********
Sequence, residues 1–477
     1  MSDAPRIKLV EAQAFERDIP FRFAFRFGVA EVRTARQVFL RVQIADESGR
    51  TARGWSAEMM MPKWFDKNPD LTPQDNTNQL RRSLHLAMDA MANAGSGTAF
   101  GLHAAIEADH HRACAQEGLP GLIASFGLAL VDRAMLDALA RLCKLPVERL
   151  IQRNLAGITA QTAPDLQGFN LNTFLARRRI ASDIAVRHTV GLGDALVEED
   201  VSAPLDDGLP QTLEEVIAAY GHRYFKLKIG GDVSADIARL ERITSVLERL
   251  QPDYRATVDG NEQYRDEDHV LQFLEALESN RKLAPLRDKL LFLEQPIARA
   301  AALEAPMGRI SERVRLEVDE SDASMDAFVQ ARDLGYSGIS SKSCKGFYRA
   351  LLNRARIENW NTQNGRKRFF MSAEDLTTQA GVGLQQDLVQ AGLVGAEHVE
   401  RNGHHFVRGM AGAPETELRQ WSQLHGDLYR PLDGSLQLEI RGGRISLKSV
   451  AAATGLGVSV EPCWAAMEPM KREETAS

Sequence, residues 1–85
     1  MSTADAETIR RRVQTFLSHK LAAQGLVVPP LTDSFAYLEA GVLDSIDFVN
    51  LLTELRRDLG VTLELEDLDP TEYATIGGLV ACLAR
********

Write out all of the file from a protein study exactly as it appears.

Sequence, residues 1–477
     1  MSDAPRIKLV EAQAFERDIP FRFAFRFGVA EVRTARQVFL RVQIADESGR
    51  TARGWSAEMM MPKWFDKNPD LTPQDNTNQL RRSLHLAMDA MANAGSGTAF
   101  GLHAAIEADH HRACAQEGLP GLIASFGLAL VDRAMLDALA RLCKLPVERL
   151  IQRNLAGITA QTAPDLQGFN LNTFLARRRI ASDIAVRHTV GLGDALVEED
   201  VSAPLDDGLP QTLEEVIAAY GHRYFKLKIG GDVSADIARL ERITSVLERL
   251  QPDYRATVDG NEQYRDEDHV LQFLEALESN RKLAPLRDKL LFLEQPIARA
   301  AALEAPMGRI SERVRLEVDE SDASMDAFVQ ARDLGYSGIS SKSCKGFYRA
   351  LLNRARIENW NTQNGRKRFF MSAEDLTTQA GVGLQQDLVQ AGLVGAEHVE
   401  RNGHHFVRGM AGAPETELRQ WSQLHGDLYR PLDGSLQLEI RGGRISLKSV
   451  AAATGLGVSV EPCWAAMEPM KREETAS

Sequence, residues 1–85
     1  MSTADAETIR RRVQTFLSHK LAAQGLVVPP LTDSFAYLEA GVLDSIDFVN
    51  LLTELRRDLG VTLELEDLDP TEYATIGGLV ACLAR